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A question on hard links?


Oct 30, 2019
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I found a little discussion of this forum, and I did read this: https://www.ibm.com/support/knowledgecenter/en/SSEQVQ_8.1.4/client/c_bac_hardlnkunx.html

This is on Linux, using Spectrum Protect 8.1.3.

I conducted a test last night wherein I created two hard links (hlink2_file1, hlink2_duplicate_file1) to an already existing file (file1) under that same directory. I checked, and as expected, all three had the same inode numbers (`ls -li`), the link count was 3, and all modtimes, attributes and MD5 digests matched. The parent file system (ext4) had previously been backed up a number of times using an 'incr', and file1 existed prior to the very first backup. The two hard links had never previously existed. I then restored the file system to another file system (xfs), and the three files were restored, but one of them was assigned a different inode than the other two. So file1 was given an inode of 6381833, with a link count of 1, but hlink2_file1 and hlink2_duplicate_file1 were assigned and inode of 6291572, and their link count is 2. Otherwise, all the attributes, digests and modtimes are identical between the three.

Of course, it's to be expected that restored files will be assigned new indode numbers, but I was a little surprised that TSM (or the OS?) didn't maintain the link count of 3 by making all three restored files the same "new" inode. I carried out a similar test using EMC NetWorker on a different Linux box (source files on an ext3 file system; restored to a different ext3 file system), and when I restore hard links there, it works as expected. I think one problem I ran into in the past with NetWorker was if you failed to recover all the hard links then mischief might ensue. But this was not the case in these tests.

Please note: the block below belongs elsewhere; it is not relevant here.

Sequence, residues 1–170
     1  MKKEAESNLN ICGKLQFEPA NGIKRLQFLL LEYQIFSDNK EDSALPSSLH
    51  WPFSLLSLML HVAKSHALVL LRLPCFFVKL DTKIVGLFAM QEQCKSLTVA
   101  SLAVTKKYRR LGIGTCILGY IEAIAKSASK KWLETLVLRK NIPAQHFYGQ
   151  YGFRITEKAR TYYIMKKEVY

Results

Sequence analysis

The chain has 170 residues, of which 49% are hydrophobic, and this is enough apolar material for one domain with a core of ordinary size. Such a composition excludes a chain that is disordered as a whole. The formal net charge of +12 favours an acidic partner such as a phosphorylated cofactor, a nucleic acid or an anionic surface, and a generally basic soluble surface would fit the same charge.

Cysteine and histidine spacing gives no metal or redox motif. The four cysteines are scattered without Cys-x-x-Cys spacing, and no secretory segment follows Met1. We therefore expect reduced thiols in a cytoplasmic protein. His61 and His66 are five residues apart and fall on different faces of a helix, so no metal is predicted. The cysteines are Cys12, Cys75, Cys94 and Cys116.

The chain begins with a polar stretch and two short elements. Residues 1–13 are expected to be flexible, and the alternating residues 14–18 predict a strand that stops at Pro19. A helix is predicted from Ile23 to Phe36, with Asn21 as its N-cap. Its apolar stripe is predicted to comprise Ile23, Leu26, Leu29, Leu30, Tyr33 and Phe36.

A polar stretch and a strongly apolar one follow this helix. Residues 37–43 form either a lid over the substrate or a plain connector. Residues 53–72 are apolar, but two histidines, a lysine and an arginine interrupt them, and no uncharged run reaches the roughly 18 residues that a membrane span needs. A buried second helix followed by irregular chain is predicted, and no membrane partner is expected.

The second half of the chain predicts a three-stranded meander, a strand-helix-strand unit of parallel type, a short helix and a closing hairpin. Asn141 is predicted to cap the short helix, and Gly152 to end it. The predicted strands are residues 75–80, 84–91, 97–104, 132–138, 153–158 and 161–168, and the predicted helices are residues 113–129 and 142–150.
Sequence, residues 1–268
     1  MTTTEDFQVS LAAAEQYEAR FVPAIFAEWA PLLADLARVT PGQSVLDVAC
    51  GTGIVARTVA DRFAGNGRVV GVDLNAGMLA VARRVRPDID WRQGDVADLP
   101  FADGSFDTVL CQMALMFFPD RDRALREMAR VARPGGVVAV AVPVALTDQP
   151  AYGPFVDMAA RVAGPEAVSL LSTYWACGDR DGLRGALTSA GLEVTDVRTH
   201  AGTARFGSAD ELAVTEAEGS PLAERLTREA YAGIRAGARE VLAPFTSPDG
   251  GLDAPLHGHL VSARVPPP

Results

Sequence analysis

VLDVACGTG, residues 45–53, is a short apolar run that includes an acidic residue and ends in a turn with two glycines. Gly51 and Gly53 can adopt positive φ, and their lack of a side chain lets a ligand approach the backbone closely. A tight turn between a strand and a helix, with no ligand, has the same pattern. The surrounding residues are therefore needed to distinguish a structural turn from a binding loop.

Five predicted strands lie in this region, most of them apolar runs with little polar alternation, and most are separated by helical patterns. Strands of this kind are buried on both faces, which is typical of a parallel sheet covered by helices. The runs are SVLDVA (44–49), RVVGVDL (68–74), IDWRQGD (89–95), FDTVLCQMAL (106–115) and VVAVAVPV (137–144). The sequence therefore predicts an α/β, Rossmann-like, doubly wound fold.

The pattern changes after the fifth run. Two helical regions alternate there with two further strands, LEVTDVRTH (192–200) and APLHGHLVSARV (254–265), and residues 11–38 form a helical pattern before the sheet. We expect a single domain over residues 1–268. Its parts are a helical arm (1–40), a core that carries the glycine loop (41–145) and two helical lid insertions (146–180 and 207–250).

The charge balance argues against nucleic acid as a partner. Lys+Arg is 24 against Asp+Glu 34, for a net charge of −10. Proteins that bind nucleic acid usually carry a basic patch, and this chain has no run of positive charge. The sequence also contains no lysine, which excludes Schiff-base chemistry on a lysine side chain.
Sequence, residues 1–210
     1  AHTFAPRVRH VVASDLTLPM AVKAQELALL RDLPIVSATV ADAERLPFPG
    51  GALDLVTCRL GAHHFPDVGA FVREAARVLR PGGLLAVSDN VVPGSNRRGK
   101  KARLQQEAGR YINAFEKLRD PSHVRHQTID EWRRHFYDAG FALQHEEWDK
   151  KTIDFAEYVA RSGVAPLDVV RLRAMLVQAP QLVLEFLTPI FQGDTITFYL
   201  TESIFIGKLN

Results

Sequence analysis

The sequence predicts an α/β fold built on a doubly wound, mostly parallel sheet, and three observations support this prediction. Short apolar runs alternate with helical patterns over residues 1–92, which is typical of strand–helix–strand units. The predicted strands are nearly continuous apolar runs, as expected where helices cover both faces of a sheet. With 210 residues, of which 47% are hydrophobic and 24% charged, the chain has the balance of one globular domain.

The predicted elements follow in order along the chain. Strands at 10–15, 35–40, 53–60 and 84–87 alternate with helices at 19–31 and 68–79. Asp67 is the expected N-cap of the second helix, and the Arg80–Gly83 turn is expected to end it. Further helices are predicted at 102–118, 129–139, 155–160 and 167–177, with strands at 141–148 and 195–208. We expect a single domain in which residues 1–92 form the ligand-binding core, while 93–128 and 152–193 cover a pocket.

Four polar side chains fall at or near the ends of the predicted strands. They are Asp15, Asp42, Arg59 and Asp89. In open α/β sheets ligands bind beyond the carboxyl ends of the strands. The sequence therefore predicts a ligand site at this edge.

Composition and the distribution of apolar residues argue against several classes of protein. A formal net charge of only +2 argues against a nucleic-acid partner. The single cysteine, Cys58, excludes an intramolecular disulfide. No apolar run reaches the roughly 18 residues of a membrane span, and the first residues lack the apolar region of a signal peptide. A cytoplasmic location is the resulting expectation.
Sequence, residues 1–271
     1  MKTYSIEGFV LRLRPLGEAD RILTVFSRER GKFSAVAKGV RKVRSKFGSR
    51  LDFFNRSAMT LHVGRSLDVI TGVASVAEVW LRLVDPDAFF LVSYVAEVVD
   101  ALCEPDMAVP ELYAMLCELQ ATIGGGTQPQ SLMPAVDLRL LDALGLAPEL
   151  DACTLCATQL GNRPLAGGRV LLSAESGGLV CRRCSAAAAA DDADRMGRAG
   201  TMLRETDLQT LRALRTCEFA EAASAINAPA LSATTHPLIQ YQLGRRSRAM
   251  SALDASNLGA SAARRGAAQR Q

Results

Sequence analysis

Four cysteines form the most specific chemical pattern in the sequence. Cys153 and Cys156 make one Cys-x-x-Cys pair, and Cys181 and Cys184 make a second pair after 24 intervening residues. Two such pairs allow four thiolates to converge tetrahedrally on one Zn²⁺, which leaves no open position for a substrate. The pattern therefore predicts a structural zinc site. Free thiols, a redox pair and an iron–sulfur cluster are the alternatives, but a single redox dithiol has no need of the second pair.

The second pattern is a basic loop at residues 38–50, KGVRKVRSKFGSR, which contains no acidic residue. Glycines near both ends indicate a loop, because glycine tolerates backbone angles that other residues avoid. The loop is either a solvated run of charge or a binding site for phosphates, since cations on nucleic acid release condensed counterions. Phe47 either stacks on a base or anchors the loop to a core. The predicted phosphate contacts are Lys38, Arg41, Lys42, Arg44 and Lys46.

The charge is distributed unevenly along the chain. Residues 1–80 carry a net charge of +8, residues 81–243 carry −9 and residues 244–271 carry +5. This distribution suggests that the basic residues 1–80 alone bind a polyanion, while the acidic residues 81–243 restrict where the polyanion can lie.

Does anyone know what might have happened here? Is this the expected TSM behavior wherein 2 of the 3 or 4 of the 5, etc. would be restored as hard links but one would not? Unless I'm missing somethig obvious here, could anyone test this?

We have an archive of data wherein when someone checks out a unit directory to make changes, and then checks it back in, a new version subdirectory is created wherein any files that have not changed are hard links to their counterparts in the original subdirectory (version-01). Otherwise, any new files are created in a new version directory (02, 03, etc.). A given archive unit directory could have many version subdirectories. Symbolic links could be used instead, but I think the hard linking is a result of rsync, or some such thing, and was not contrived.

Anyway, based on the behavior that I see from TSM, it looks like if we restore one of these, and lets say, for example, that it has a total size of 250 GB, with 10 version subdirectories, and most of the files have a link count of 10, then even though we'd end up with 10 subdirectories, most of the files would have a link count of 9, and the files in one of the version subdirectories would have a link count of 1. Otherwise, everything would work fine since the content, attributes, etc. would remain intact. But in this case, we'd have a redundant copy of the files (as far as the file system is concerned), but not a subset or superset. Probably nobody would notice unless they were comparing the link counts with a manifest of the original data attributes. So nothing would break, but we'd end with 500 GB of data not 250 GB.

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The Spectrum Protect TLA (Three-Letter Acronym): ISP or something else?

  • Every product needs a TLA, Let's call it ISP (IBM Spectrum Protect).

    Votes: 20 18.7%
  • Keep using TSM for Spectrum Protect.

    Votes: 65 60.7%
  • Let's be formal and just say Spectrum Protect

    Votes: 13 12.1%
  • Other (please comement)

    Votes: 9 8.4%

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